Another record group is referred to as "Files of Foreigners." These files relate to people who stayed in Antwerp longer than the expected time to board a ship. The brochure did not specify the length of time one would have needed to stay in the port waiting for a ship to qualify to have a file. But in other European port cities processing large amounts of immigrants, this time could be as brief as several days. This group of records covers the years 1840-1915. Records less than 100 years old are restricted from public use. However the brochure intimated that a form could be filled out for access to the restricted records. It further stated that the decision if a person could view the records or not was a joint decision of the archivist and a representative of the office of Antwerp's mayor. (European bureaucracy is alive and well in Belgium). There is a 10-volume alphabetical index for this record group as well as a numerical index. Thus it seems possible that, depending on the length of stay in Antwerp by a departing immigrant, one might be able to locate an ancestor in these records if they were in the city longer than normally expected.
In my case, my grandfather would more than likely have no record, as his departure was routine and problem-free. Grandma, however, was a different story. Her train arrived late and she and her brother and cousin missed the ship's sailing. She recounted stories of having to stay in a home for immigrants for at least a week, and how a young Polish-speaking man would come get them to take them to Mass each morning in a local Catholic church. Because of these circumstances I am hoping that there will be files on grandma and the two relatives travelling with her.
I was not able to visit the archives in person, as it was too late in the day and they were closed, plus we were leaving the next day. When combining vacation and genealogy projects, here's a piece of advice: Don't leave the genealogy project until the last day of your visit! Unexpected things can and will happen. In this case I was not prepared for research, as my reading prior to departure on the subject of available records indicated that there weren't any. The unexpected discovery of possible researchable records via the information in the brochure took me by surprise. And the administrative hoops that had to be jumped through (e. g., filling out the form described above and waiting for permission) would certainly have called for advanced preparation.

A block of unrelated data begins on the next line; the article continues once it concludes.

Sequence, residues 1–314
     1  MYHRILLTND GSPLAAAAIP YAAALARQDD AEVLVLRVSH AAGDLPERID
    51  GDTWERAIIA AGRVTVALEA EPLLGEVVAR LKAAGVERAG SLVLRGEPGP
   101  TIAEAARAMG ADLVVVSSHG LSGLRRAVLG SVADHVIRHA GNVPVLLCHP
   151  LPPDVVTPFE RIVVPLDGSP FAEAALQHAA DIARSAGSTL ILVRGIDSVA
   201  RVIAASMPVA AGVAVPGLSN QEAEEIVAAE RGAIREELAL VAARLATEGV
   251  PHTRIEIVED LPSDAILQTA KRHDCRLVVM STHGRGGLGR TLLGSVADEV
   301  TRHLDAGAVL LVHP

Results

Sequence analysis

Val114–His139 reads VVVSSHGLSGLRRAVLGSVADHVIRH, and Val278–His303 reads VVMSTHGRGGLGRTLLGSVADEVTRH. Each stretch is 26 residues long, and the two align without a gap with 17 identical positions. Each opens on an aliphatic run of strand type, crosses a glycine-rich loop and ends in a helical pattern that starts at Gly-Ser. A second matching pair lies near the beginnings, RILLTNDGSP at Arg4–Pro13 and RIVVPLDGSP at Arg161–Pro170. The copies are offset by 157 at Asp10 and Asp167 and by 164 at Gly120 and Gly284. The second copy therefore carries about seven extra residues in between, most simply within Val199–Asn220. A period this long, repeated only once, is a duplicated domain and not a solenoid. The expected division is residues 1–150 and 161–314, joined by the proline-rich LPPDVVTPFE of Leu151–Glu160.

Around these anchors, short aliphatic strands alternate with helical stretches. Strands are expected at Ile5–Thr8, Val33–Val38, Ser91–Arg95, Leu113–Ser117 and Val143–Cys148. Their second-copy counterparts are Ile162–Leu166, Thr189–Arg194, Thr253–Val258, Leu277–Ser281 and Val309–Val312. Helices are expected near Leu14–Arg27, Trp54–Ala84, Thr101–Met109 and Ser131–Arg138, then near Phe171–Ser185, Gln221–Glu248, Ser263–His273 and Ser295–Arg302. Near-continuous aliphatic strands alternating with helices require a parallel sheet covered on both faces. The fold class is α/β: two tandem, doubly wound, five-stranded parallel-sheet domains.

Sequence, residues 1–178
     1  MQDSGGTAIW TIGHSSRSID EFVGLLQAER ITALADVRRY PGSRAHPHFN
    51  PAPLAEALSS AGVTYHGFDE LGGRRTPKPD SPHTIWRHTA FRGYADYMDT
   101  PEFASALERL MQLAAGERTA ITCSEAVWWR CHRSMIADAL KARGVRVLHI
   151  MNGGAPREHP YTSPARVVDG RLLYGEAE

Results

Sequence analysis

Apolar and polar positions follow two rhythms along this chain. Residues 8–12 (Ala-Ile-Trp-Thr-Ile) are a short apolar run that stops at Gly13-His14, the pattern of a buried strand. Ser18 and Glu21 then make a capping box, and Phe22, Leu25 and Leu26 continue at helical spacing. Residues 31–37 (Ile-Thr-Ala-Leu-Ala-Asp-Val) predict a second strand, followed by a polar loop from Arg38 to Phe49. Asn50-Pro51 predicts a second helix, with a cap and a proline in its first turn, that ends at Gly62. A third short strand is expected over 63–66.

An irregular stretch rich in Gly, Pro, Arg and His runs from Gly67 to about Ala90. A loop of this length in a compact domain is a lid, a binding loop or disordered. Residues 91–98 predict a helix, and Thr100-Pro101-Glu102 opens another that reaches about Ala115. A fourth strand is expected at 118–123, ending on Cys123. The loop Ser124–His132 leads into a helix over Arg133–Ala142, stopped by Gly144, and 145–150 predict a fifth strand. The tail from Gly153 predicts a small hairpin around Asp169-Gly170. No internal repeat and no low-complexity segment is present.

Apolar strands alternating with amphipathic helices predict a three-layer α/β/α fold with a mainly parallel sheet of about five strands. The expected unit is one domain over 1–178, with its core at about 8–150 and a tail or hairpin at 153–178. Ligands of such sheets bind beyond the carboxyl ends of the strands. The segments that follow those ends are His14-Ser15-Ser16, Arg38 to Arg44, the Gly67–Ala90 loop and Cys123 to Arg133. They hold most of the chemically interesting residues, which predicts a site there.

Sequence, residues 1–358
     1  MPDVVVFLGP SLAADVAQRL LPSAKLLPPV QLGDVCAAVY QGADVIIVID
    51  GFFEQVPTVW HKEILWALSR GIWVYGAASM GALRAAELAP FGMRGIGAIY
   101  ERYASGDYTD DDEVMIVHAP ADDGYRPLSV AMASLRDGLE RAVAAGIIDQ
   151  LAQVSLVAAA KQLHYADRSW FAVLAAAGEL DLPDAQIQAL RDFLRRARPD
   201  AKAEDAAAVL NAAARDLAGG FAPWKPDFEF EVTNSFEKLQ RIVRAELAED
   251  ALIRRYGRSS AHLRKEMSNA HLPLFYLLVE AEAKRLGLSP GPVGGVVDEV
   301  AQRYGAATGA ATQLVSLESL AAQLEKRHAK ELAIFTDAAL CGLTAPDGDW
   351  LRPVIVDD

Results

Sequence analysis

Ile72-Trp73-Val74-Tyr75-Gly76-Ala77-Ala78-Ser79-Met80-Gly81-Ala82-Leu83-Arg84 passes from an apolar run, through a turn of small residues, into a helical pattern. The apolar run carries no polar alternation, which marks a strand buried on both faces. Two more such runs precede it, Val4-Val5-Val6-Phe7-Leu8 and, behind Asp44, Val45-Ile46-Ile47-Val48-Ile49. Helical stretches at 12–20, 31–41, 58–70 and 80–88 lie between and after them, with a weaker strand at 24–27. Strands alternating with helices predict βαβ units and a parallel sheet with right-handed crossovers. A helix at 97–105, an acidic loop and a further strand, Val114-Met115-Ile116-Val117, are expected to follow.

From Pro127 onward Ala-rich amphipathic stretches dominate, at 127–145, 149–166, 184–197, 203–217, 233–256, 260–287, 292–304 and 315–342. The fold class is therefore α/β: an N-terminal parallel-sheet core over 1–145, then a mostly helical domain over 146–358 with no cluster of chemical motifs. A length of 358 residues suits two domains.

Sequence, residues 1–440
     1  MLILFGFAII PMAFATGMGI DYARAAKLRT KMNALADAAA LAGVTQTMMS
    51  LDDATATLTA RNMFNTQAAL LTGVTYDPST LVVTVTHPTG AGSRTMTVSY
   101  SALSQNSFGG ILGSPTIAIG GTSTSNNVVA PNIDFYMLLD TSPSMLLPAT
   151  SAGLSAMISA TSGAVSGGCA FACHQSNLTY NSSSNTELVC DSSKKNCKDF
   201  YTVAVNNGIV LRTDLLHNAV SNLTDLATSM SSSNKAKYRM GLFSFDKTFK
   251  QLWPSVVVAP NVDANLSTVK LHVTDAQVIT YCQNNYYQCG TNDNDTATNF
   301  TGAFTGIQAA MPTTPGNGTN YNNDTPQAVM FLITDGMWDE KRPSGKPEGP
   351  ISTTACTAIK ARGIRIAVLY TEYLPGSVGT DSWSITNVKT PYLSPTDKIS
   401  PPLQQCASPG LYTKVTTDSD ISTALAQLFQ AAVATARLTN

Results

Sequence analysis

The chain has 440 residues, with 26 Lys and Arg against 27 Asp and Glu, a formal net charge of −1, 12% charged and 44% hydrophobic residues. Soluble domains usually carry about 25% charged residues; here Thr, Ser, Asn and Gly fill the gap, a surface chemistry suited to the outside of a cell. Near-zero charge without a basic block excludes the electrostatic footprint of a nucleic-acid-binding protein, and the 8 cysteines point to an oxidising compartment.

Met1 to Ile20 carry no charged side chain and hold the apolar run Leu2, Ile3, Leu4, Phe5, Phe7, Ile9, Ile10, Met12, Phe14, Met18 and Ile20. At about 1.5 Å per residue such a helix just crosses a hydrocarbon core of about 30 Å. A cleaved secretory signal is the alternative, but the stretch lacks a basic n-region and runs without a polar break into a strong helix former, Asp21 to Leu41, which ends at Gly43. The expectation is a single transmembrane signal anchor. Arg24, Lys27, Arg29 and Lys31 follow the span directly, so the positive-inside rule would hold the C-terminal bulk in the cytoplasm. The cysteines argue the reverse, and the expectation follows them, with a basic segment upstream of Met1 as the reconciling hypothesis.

National Archives of Belgium in Brussels
The aforementioned brochure also discusses a record group of potential value to researchers kept at the National Archives of Belgium. These records are to be found among the records of the National Ministry of Justice, Police for Foreigners Division. The time frame for these records is 1830-1914. According to the brochure, many of these files refer to persons who were refused entry to the U. S. and were deported back to the port of embarkation.
Thus in conclusion, even if departure lists aren't available for your ancestor's port of departure, there may be other records such as those described above that may yield information on your relatives' journey from the old world. It may be well worth your while inquiring at various archives in the port of departure about records other than departure lists relating to the immigration process. And take a good dictionary with you. Who knows, someone may give you a brochure written in a language you can't really read ....
Useful Archive Addresses
Antwerp City Archives Stadsarchief Antwerpen Venusstraat 11 B-2000 Antwerpen BELGIUM
National Archives of Belgium Algemeen Rijksarchief Brussel Ruisbroekstraat 2-6 B-1000 Brussel BELGIUM
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Last Updated on October 7, 2012